18. And that is your personal preference, but I recommend you research why, scientifically, you feel that way instead of anthropomorphizing dogs in your reasoning. There have been cases of parents castrating their children. It makes the news every time it happens, and these parents go to court and pay for their crimes. In humans, it is considered a crime because it is believed that humans are sentient and have a soul whereas animals do not. It is also customary certain religions to circumcise male infants. This practice has been found to be less traumatic on infants than on grown men, and has many health benefits, including the decrease in infections. By this definition, toy breeds, teacup breeds, then and cats should never be spayed or neutered. Not to mention small animals such as ferrets, whose adult weights vary from approximately 2 to 5 pounds. Consider this: the adult size and weight of toy breed is roughly the same as a mid to large sized dog 2 to 3 months of age. (The rescues and vets I know will not spay/neuter younger than 8 weeks) It is also a medical fact that younger creatures heal quicker than older ones with fewer complications. What is in dispute, however, is whether the growth and pubescent hormones are diminished during the alteration and/or play an important part in the dog’s physical and mental development. Overall size at the time of the surgery really doesn’t enter into the equation. Age, however, is an important factor since the younger dog is more likely to bounce back than an older dog. My personal opinion in the matter is that the hormones to play an important part during development. I base this on research I have done and my own observations. Therefore, I am in favor of later spays and neuters. My preference may be swayed if new scientific evidence revealing otherwise comes to light. Researching these topics is important because there is almost always a delicate balance of evidence that must be weighed. There are medical studies to suggest that dogs are at higher risk of cancer the longer they remain intact. Other studies show increased behavioral issues in intact dogs. Reports such as these, and others, must be weighed against pet overpopulation, statistical mortality rates, reported growth abnormalities, and even reports of decreased drive. These are the issues that matter, not anthropomorphizing dogs into human children. The trauma that damages growth plates is what makes it so difficult to get conclusive evidence on whether early spay/neuter causes growth abnormalities. Because of what I want my dogs to do, I prefer to err on the side of caution and keep my dogs intact until that benefit, IMO, balances the risks. Accidental matings is another risk that rescues must take into account. As soon as an intact male dog can produce sperm, he is capable of siring pups, and this can happen before the age of six months. Six months is a guideline, an average, not a rule. By the same token, a bitch can become impregnated during her first heat, which, again, can happen before six months. John and Jane Q. Public are not going to know this, especially since puppies in general are still very much an impulse buy. Since rescues are in the non-profit business of placing dogs and puppies from accidental breedings, they are going to do their best to prevent future accidental breedings. This means exploring, and often acting on, the option of early spays and neuters before the puppy goes to its new home. It's fine if you don't agree with it, no judgement here, but I, personally, like to see the reasoning based on logical and scientific facts, not suppositions, assumptions, or gut feelings. I even tell my nieces and nephews that if they want me to even consider their conclusions then they must present me with a logical argument based on fact. That means they have to research both sides, all aspects of the available data, and present both pros and cons. If nothing else, it gets them to question things a lot more, research all the data, and come up with their own opinions. The only exception to the above is a matter of religion. That one rests solely on faith in my family. Quick disclaimer: I am not an expert in canine medical problems. I did not go to school for it and I do not assist in the actual research. What I have done is self study of the published findings, balanced the perceived risks and benefits, and analyzed my own tendencies and failings as a dog owner to arrive at the youngest age that I am comfortable with when spaying or neutering my own dogs. If I get a puppy from a rescue, I either have to adhere to their regulations, or, in a few cases because they know me, compromise on an age that is agreeable to us both.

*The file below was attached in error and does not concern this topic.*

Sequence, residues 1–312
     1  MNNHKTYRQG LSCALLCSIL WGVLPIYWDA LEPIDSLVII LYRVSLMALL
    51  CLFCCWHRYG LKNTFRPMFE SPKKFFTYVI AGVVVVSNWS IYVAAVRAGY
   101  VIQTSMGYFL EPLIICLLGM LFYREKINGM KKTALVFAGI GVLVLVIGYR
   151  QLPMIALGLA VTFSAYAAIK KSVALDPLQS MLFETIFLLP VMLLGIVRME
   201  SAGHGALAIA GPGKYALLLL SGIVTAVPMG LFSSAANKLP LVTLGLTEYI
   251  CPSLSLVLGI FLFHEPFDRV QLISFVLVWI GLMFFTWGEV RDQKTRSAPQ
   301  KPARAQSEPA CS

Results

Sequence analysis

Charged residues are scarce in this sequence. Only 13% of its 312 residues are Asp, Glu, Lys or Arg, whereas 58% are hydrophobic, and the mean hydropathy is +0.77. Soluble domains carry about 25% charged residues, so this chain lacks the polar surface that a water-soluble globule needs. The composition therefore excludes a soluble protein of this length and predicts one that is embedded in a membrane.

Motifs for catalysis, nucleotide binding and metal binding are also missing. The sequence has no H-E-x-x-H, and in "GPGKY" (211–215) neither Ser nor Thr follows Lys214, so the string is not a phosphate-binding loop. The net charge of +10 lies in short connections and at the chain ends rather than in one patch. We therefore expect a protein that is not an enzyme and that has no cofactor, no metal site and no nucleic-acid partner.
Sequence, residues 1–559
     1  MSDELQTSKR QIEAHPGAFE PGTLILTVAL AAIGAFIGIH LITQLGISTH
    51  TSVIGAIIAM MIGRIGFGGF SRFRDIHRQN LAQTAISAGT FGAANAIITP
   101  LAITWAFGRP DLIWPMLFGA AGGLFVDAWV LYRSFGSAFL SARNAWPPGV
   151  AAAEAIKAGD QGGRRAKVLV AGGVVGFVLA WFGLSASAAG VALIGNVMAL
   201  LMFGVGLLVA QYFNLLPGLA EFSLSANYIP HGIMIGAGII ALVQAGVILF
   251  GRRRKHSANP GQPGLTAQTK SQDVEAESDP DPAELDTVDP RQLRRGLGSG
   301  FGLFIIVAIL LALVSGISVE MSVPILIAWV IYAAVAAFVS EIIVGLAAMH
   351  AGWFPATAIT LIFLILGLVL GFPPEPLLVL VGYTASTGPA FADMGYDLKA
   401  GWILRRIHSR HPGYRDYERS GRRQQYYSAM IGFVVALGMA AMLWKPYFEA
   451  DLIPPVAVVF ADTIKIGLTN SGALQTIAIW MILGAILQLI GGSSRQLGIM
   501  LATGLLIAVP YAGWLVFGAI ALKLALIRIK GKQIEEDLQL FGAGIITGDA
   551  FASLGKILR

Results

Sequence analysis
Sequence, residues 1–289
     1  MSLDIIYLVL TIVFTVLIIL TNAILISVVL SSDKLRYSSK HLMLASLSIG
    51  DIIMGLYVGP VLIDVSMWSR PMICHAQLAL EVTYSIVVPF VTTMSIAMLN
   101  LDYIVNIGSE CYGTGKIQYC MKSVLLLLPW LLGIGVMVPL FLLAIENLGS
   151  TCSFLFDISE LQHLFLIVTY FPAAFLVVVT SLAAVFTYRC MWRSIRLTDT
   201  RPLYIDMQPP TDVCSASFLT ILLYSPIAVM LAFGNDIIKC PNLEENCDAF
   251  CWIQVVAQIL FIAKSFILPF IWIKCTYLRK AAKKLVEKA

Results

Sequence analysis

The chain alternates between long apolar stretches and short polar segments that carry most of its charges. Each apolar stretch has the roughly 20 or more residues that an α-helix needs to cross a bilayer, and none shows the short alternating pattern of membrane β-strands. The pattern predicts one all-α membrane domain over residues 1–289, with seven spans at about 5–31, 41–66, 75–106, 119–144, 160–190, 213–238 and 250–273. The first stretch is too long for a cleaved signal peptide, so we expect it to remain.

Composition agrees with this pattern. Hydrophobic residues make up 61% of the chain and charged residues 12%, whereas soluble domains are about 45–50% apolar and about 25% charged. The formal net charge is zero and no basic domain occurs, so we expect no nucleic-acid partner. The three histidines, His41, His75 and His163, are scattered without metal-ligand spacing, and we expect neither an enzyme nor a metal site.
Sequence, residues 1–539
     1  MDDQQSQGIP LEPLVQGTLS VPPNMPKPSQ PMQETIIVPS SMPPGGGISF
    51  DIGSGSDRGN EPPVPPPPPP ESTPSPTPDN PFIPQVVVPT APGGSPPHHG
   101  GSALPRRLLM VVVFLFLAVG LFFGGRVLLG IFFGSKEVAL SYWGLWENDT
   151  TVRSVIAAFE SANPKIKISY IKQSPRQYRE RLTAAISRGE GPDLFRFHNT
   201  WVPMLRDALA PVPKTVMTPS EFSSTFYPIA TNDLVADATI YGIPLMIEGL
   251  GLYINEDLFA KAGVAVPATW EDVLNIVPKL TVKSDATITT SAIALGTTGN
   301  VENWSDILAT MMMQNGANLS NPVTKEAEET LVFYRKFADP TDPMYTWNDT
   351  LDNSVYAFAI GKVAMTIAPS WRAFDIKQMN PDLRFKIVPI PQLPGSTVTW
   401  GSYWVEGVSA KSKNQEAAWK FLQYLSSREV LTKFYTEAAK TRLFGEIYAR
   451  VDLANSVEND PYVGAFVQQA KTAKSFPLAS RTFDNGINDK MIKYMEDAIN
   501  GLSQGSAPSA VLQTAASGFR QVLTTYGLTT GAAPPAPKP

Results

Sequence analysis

19. So, Maverick wants an encore. He didn't think it very fair that Kayzie got three pictures and he only got one. So here's one more, one of better ones over all in fact. He's so serious and focused in this one.
  20. LOL! I love Odin's expression in that first picture. It's like you can just hear him saying "Really? You can't be serious. I'm not even allowed to chew on my own leash."
  21. If we follow the "when to use an adversive" tree/model, then I would have to agree. For something this serious, perhaps even an e-collar, correctly used, is in order.